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Research Article

Adverse Metabolic Response to Regular Exercise: Is It a Rare or Common Occurrence?

  • Claude Bouchard mail,

    claude.bouchard@pbrc.edu

    Affiliation: Human Genomics Laboratory, Pennington Biomedical Research Center, Baton Rouge, Louisiana, United States of America

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  • Steven N. Blair,

    Affiliation: Departments of Exercise Science and Epidemiology/Biostatistics, University of South Carolina, Columbia, South Carolina, United States of America

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  • Timothy S. Church,

    Affiliation: Preventive Medicine Laboratory, Pennington Biomedical Research Center, Baton Rouge, Louisiana, United States of America

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  • Conrad P. Earnest,

    Affiliation: Preventive Medicine Laboratory, Pennington Biomedical Research Center, Baton Rouge, Louisiana, United States of America

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  • James M. Hagberg,

    Affiliation: Department of Kinesiology, University of Maryland, College Park, Maryland, United States of America

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  • Keijo Häkkinen,

    Affiliation: Department of Biology of Physical Activity, University of Jyväskylä, Jyväskylä, Finland

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  • Nathan T. Jenkins,

    Affiliation: Department of Kinesiology, University of Maryland, College Park, Maryland, United States of America

    Current address: Department of Biomedical Sciences, University of Missouri, Columbia, Missouri, United States of America

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  • Laura Karavirta,

    Affiliation: Department of Biology of Physical Activity, University of Jyväskylä, Jyväskylä, Finland

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  • William E. Kraus,

    Affiliation: Department of Medicine, Duke University Medical Center, Durham, North Carolina, United States of America

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  • Arthur S. Leon,

    Affiliation: School of Kinesiology, University of Minnesota, Minneapolis, Minnesota, United States of America

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  • D. C. Rao,

    Affiliation: Division of Biostatistics, Washington University School of Medicine, St. Louis, Missouri, United States of America

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  • Mark A. Sarzynski,

    Affiliation: Human Genomics Laboratory, Pennington Biomedical Research Center, Baton Rouge, Louisiana, United States of America

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  • James S. Skinner,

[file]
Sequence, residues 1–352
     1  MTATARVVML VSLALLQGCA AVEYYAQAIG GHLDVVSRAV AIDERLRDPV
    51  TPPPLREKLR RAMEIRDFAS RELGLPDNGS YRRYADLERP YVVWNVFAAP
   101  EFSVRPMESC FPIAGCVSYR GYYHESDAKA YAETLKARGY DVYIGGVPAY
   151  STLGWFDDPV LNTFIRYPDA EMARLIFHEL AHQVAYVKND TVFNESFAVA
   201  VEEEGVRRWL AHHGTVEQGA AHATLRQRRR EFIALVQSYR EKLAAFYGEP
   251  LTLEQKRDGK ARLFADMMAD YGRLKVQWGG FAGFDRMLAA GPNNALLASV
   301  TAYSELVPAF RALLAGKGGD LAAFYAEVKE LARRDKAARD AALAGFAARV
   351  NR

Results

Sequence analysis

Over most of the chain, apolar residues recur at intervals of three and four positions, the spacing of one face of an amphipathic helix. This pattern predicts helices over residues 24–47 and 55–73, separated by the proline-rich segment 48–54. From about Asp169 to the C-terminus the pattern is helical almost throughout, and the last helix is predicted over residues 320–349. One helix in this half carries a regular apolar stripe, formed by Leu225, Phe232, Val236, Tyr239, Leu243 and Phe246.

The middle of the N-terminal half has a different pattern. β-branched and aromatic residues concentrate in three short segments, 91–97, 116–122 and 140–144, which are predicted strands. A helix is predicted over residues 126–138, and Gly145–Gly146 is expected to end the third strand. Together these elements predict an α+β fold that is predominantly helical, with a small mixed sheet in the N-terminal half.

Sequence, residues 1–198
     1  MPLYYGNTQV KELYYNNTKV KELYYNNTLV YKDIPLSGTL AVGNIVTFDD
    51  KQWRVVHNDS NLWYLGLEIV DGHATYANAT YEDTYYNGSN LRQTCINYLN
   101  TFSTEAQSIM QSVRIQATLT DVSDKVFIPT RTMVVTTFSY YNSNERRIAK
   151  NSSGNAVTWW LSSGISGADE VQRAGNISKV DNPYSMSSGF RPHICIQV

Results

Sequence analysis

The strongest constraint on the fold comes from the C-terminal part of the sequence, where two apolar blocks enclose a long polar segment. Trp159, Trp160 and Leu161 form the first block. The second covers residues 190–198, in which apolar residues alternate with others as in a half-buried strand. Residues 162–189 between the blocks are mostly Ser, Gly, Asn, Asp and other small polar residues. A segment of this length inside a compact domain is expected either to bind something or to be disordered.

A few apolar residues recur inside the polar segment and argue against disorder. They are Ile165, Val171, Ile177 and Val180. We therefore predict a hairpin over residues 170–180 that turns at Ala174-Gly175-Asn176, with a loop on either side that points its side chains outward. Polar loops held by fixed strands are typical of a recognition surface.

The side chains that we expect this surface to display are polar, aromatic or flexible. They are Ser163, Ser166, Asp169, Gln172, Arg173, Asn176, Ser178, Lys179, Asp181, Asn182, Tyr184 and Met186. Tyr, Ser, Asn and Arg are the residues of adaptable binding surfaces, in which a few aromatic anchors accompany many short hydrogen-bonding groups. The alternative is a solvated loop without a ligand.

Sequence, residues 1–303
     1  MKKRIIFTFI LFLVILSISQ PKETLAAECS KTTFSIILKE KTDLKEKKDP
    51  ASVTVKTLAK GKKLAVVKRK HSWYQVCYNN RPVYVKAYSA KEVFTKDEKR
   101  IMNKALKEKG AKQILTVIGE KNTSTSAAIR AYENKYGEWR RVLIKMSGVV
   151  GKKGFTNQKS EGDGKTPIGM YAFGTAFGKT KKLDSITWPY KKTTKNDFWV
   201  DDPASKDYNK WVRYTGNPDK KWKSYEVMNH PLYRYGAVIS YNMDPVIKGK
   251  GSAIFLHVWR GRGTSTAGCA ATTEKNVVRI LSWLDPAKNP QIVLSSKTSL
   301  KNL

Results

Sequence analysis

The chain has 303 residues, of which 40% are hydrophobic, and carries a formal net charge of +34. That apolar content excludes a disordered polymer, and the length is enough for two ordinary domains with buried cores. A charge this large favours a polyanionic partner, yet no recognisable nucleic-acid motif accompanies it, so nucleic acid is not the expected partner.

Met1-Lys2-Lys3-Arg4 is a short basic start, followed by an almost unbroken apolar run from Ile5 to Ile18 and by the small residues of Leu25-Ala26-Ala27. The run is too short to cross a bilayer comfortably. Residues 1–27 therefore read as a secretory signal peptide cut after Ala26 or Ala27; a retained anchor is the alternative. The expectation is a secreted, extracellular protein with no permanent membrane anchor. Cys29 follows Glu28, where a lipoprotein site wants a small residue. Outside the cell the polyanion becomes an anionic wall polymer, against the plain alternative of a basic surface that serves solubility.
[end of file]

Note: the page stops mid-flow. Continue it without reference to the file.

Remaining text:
Affiliation: Professor Emeritus of Kinesiology, Indiana University, Bloomington, Indiana, United States of America

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  • Cris A. Slentz,

    Affiliation: Department of Medicine, Duke University Medical Center, Durham, North Carolina, United States of America

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  • Tuomo Rankinen

    Affiliation: Human Genomics Laboratory, Pennington Biomedical Research Center, Baton Rouge, Louisiana, United States of America

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  • Published: May 30, 2012
  • DOI: 10.1371/journal.pone.0037887

Reader Comments (13)

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100% Positive Response Would be Shocking

Posted by iSteeve on 31 May 2012 at 15:34 GMT

It is not a major shock that not everyone responds positively to exercise. Dr. Bouchard's earlier study (2001) pointed out the lack of changes in mVO2 in certain individuals. A study I remember reading with interest.

But, we should not make 100% response to any single intervention our goal. Overall exercise is responsible for many positive changes in health and lessens the chance and rate of significant deterioration. ""The near 90% that did well is not a minority. We should not let 8 to 12% become the new and "shocking" majority.""

I agree that we should try to discover who will have a significant adverse response to exercise. But that is often sudden death and there is no going back from that. Recent studies have shown that to be a rare event with an overall significant lessening of cardiovascular risk through an appropriately implemented exercise regimen.

As others have noted ""exercise and diet go hand in hand"". All of the individuals in this study were overweight. Improper diet is a large contributor, but not the sole contributor to the condition of being overweight or obese.

Successful implementation of an exercise program should actually include more than a mere exercise program. It needs life habits that would include good sleep habits, healthy diet, and avoiding the excessive consumption of things that are bad for you (too much alcohol, drugs, etc.).

No competing interests declared.